What do Minecraft, Elite: Dangerous, No Man's Sky, Diablo I and II, and many other games have in common?
A phrase often heard in the gaming and computer world, but not often very well explained or elaborated on; procedural generation.
You can find loads of games on consoles and PC alike that claim to use this in their game, but what is it? For a lot of us, it feels like procedural generation is a claim made by developers to say that your gaming experience will be different throughout your gameplay, and somehow, magically, the content, loot, or levels of the game consistently change.
What is procedural generation?
There are two simple explanations I found online researching this, that I found quite enjoyable and simple. The first is that, rather than the developers of a game manually inputting content, they do it algorithmically, meaning they don't physically code in every little piece of the game's environment, loot, content, etc.. The second explanation ties into the first to explain it more plainly; essentially the game developers, rather than coding themselves what could take years or more to creat such an elaborate wealth of content, they create an AI to do it for them. (Source)
Essentially, the programmers create an algorithm, give it a set list of commands to obey in order for the creations to fall in line with the desired outcome, and then let it run wild, producing huge amounts of whatever the developers want, be it environments, different types of loot in an RPG, or even audible sound effects.
Why do developers use procedural generation?
There are a number of reasons it's used, probably more than I could name, seeing as I'm not a programmer myself, but I'll give you the core reasons:
Creating an algorithm to write a huge amount of programming for you that follows specific rules and behaviors is much less time-consuming than writing it all manually. To give an example of this, the recently released PC game No Man's Sky offers over 18 quintillion planets (that's 18,000,000,000,000,000,000+, in case you were wondering) for players to explore and fight on. No Man's Sky relies heavily on the procedural generation of planets, moons, and star systems, because if you wanted to create that amount of content by hand, you'd probably need several hundred or several thousand developers, all working several life-times over. And that notion is pretty preposterous, considering the ending product wouldn't fit on a modern-day hard-drive, even if you could pull it off.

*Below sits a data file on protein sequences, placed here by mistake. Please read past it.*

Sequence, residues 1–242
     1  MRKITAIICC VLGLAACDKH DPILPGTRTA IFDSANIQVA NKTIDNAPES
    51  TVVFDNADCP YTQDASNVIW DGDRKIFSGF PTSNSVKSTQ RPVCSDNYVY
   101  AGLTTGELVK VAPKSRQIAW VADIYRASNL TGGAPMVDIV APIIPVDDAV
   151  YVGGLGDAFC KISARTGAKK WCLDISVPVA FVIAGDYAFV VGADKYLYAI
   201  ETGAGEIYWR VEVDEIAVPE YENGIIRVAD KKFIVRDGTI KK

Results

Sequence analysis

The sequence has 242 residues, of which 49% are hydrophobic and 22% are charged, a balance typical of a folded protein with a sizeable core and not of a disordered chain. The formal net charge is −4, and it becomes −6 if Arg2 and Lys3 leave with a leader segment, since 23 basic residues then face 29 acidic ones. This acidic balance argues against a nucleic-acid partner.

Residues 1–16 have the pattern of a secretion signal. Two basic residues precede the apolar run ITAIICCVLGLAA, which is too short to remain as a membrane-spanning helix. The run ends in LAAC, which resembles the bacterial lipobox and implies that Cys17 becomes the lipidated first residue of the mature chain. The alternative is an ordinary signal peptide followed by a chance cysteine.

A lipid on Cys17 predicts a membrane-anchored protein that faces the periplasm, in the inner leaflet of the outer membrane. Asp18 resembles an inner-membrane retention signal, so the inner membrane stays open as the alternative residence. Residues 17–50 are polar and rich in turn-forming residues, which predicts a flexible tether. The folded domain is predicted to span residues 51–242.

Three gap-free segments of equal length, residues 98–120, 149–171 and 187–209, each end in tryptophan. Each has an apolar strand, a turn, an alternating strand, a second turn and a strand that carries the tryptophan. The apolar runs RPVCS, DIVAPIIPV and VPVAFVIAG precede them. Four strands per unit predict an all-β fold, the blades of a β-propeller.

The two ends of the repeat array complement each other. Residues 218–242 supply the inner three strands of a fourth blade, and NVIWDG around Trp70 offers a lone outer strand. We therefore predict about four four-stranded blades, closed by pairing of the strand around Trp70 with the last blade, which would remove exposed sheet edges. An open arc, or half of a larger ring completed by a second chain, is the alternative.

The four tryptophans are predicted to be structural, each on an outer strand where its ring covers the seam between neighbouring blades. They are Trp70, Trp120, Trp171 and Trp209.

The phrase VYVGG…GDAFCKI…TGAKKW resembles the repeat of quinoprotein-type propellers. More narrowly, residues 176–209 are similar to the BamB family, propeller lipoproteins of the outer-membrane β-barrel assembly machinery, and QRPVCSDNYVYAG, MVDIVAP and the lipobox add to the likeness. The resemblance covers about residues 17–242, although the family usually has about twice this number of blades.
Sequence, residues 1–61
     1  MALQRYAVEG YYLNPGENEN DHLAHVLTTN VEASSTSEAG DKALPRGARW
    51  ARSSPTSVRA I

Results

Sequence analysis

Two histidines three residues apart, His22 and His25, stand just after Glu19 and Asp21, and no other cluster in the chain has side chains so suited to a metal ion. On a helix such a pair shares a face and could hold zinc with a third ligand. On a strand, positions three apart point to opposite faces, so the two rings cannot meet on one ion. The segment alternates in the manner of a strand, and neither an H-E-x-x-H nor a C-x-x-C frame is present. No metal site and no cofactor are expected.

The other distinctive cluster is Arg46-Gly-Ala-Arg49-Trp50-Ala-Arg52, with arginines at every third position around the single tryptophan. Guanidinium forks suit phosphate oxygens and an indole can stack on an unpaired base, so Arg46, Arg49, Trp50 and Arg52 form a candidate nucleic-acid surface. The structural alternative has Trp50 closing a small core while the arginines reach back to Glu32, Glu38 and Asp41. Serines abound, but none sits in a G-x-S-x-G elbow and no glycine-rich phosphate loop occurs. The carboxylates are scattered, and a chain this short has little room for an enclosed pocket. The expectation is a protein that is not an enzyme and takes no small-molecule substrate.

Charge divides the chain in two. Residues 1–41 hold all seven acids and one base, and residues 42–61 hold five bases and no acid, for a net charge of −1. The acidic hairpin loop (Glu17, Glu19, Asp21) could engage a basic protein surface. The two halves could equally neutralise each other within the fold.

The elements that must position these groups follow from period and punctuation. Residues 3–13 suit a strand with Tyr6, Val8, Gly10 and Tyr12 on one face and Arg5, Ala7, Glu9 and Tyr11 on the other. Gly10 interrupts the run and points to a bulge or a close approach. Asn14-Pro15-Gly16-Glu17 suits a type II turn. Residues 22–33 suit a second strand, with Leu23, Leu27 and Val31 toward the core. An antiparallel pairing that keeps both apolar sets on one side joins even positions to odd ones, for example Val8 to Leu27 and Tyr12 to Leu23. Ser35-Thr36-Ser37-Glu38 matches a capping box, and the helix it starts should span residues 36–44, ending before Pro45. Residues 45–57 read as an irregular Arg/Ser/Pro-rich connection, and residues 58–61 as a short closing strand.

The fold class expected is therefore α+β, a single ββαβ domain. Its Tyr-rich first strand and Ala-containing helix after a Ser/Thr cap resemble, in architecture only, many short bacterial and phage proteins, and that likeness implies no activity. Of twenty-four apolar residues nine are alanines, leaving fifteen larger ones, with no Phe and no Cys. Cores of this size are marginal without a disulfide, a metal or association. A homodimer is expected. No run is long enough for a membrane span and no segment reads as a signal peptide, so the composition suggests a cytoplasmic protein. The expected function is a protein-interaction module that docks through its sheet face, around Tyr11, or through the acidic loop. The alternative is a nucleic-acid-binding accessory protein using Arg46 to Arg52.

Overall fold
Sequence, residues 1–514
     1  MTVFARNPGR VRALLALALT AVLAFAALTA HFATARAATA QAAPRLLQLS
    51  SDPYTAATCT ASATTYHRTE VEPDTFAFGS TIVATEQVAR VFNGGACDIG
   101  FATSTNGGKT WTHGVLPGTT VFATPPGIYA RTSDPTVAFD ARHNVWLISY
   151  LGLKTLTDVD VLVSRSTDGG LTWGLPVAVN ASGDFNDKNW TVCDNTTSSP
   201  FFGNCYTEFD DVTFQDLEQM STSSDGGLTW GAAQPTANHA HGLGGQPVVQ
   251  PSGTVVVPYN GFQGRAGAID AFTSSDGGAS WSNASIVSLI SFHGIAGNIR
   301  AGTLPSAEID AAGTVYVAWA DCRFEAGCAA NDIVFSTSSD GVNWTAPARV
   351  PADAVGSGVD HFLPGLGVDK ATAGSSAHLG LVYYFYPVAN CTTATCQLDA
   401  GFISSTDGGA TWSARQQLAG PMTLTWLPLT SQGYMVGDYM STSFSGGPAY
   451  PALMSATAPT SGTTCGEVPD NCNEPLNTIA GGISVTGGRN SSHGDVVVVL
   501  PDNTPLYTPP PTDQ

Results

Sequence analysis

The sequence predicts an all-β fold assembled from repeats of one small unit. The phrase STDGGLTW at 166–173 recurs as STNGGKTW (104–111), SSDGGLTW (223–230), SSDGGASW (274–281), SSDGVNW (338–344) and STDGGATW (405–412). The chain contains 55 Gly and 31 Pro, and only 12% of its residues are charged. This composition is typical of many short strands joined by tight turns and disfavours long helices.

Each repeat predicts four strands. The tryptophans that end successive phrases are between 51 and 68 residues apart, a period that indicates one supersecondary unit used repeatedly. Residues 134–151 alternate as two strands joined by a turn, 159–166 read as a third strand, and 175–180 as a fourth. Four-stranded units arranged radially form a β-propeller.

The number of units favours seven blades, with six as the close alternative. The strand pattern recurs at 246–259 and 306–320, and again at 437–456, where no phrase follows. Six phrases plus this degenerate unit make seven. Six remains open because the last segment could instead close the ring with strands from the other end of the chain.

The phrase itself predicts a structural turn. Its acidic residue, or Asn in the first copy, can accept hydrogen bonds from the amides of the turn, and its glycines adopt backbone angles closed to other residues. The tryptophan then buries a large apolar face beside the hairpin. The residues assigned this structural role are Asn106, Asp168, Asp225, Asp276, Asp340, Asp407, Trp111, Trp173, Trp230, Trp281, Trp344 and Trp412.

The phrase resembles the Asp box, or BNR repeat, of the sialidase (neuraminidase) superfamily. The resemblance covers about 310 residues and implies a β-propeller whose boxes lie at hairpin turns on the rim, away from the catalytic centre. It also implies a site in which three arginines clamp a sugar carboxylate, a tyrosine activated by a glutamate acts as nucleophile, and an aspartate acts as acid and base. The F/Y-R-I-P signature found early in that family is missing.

For any game relying on procedural generation for its maps, dungeons, loot, etc., typically the intent behind it is to create a game in which players can have a new experience every time they play, thus creating replayability. Were they not to use procedural generation, players would have significantly less to experience in the game. For example, players in the game Minecraft can choose to generate an entirely new world every time they play, complete with its own biomes, environmental structures, and randomly generated villages. Games using randomly generated content in this way ensure that players will have undoubtedly different experiences each time they play, if they choose to.
Relying on procedural generation also can help reduce the game's file size, since for games like No Man's Sky you don't need or want to download the entire 18+ quintillion planet universe onto your hard drive. I'm not quite sure how much data space you'd need for something like that, but I'd assume it's probably close to the equivalent of every hard drive on planet Earth, or more. In other words, your beloved PC or console only holds the information for planets you've actually discovered and been to, rather than the entire universe at once.
What can you create with procedural generation?
A simple answer, would be pretty much anything. You can create game environments and loot as mentioned above, or even images, videos, and sound files. Something really unexpected and cool I found is Aurea Metamorphosis which is a script on a website that uses procedural generation to constantly create unique flowers (how cool is that?). If you click the link attached to the name, you can see for yourself (and try not to be hypnotized, it's pretty mesmerizing). I'll link some pictures below of flowers the site has create for me, just to satisfy any possible curiosity: